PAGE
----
Sharing the timeline early also allows everyone to get familiar with it. Again, remember that the group cruise is to have fun, not to stress.
Establish Off-Ship Plans Early
Most cruises have opportunities to leave the ship for a while and explore some exciting places. The group leader should decide, or decide as a group, on how to spend shore time. Obviously, not every moment needs to be spent together, but you should figure that out in advance. Now’s an excellent time to book any last-minute group activities or events to avoid any issues.
As you organize your group cruise, you may want to do a special event. Depending on the cruise line, private tours are sometimes possible, as is special shore time or excursions not available to other passengers. Check with your agent to see if any of these apply.
Some cruises also offer sponsored excursions like on-shore adventures, swimming, scuba diving or snorkeling experiences. These offerings are also an excellent way for your group to split up and have adventures in a tighter setting.
If you plan to visit local towns when the ship makes port, understand local customs and regulations. Also, check to see if there are warnings against travelers making their way outside of tourist areas. Some cities, like Cancun, are safe only to a point. Any space beyond the tourist areas can be pretty dangerous.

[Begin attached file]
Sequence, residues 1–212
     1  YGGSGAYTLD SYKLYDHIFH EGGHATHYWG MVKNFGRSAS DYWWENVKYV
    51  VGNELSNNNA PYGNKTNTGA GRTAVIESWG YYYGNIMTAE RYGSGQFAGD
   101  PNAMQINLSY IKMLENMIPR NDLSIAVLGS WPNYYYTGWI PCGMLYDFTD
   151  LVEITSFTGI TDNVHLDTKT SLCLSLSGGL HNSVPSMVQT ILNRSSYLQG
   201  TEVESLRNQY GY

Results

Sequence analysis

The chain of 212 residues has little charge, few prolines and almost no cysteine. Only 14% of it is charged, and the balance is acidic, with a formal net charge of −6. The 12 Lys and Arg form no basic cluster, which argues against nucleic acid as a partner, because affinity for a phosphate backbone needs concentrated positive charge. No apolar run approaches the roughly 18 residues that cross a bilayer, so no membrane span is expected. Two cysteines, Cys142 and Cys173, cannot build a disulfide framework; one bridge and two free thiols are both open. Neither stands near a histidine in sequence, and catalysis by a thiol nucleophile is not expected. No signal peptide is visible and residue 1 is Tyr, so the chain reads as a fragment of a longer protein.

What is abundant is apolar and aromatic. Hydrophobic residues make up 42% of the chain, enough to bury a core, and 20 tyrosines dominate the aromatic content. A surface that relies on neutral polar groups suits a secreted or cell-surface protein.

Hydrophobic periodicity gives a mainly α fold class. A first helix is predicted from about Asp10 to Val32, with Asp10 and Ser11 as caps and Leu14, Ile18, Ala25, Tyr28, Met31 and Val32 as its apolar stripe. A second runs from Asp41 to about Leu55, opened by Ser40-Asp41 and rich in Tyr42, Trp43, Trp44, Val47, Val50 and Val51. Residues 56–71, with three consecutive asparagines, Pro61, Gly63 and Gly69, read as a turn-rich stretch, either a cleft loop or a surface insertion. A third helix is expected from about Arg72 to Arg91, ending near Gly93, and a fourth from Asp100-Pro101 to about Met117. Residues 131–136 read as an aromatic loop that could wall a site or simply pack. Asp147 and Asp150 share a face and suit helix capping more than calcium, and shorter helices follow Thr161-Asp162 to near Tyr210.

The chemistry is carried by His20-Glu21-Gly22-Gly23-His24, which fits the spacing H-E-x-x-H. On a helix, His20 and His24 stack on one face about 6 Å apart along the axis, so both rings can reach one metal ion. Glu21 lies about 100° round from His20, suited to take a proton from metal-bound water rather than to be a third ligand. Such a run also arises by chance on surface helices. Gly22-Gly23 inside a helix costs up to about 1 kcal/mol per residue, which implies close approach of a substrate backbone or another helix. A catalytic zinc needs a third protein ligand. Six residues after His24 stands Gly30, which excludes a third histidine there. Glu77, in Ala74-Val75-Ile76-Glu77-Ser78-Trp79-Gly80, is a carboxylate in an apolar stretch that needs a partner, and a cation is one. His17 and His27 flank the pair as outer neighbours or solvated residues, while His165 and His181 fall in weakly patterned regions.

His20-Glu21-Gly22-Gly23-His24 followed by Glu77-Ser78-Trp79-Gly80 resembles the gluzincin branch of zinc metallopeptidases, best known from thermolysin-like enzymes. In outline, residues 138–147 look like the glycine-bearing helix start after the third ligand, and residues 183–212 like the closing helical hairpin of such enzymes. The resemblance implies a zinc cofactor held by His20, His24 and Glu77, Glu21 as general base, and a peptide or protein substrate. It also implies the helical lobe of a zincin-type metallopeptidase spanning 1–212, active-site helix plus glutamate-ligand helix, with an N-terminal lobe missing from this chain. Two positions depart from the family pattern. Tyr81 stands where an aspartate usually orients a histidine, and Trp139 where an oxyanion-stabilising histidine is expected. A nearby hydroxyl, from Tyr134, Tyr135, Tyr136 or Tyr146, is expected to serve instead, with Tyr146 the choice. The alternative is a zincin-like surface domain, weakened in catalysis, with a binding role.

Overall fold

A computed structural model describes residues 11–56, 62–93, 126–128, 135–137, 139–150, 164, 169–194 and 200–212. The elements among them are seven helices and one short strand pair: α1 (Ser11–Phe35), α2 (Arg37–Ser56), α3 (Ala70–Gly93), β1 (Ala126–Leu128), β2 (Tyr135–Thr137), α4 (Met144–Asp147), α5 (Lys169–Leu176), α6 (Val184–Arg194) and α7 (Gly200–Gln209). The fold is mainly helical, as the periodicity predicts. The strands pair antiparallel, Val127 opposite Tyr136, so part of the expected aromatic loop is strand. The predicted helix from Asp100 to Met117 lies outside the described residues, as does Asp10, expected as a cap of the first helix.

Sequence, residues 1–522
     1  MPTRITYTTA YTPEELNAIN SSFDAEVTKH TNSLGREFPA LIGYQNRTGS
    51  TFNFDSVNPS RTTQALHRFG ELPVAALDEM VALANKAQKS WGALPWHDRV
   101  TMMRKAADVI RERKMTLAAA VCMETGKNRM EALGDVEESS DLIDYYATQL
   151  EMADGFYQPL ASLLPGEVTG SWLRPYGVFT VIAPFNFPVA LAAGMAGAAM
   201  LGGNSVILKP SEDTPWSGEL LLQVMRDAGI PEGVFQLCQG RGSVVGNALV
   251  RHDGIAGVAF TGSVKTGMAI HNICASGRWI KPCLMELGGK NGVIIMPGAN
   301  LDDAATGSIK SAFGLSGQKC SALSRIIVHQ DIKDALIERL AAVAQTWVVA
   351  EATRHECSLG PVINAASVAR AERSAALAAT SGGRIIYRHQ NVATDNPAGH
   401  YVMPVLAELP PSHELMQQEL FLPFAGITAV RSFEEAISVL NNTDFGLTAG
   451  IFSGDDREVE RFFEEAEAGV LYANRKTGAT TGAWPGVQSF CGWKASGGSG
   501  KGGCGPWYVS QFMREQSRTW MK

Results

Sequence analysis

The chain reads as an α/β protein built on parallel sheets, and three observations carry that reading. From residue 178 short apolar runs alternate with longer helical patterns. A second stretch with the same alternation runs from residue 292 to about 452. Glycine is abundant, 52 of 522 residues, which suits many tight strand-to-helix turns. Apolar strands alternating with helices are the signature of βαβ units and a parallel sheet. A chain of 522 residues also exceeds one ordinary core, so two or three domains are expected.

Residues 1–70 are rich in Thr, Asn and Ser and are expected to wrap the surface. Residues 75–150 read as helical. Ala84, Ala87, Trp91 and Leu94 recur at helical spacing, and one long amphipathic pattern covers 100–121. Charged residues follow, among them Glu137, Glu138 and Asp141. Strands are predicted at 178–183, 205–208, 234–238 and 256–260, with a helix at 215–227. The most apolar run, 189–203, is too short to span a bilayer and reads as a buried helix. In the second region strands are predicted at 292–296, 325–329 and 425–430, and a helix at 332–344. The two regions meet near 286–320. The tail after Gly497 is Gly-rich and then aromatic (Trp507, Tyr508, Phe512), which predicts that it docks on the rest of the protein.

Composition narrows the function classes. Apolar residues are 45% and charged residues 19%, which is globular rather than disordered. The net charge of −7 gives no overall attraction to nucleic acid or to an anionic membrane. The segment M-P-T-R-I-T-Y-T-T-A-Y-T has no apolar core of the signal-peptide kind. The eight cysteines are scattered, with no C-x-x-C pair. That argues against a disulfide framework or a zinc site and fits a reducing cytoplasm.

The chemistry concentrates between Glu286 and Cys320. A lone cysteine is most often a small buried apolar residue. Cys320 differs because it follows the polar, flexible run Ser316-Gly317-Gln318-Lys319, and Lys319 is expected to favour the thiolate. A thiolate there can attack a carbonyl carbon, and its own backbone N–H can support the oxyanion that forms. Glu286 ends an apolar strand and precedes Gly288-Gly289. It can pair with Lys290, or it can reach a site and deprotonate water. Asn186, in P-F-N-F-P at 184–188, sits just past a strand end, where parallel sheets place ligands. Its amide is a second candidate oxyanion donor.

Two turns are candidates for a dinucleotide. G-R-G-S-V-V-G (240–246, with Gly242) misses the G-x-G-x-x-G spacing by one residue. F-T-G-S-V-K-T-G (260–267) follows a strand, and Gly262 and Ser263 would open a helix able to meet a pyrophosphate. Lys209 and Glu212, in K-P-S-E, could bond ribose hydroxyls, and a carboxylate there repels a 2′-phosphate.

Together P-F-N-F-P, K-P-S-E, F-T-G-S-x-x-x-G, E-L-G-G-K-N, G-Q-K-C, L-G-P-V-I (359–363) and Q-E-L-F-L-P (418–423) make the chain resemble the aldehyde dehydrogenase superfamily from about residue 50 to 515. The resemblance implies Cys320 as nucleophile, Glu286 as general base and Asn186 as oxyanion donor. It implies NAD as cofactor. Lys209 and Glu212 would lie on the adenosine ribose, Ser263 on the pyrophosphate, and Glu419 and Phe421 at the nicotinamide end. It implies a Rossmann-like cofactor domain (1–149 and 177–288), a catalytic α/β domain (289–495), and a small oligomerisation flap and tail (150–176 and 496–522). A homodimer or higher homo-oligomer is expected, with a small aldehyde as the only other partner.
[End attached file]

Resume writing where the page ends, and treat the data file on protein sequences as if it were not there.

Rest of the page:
Schedule Some Alone Time
Speaking of splitting up, the point of a cruise is to have fun. When organizing your group cruise, fit in some alone time so everyone has an opportunity to explore the ship, or shore, on their own. Everyone has a different idea of what excitement looks like, so give everyone the chance to have fun.
Free time is healthy for your group, too. Some away time from the larger group can be excellent for relaxing and recharging. Many ships offer shopping, spas, sports, swimming, dining, and more, for everyone to have a great time.
Splitting up doesn’t have to mean everyone is on their own. It could mean splitting into smaller groups for activities aboard the ship. Suppose the group cruise is part of a company retreat or school function. In that case, small group activities can be a great team-building exercise. You can even plan a scavenger hunt that includes items across the ship, or on-shore.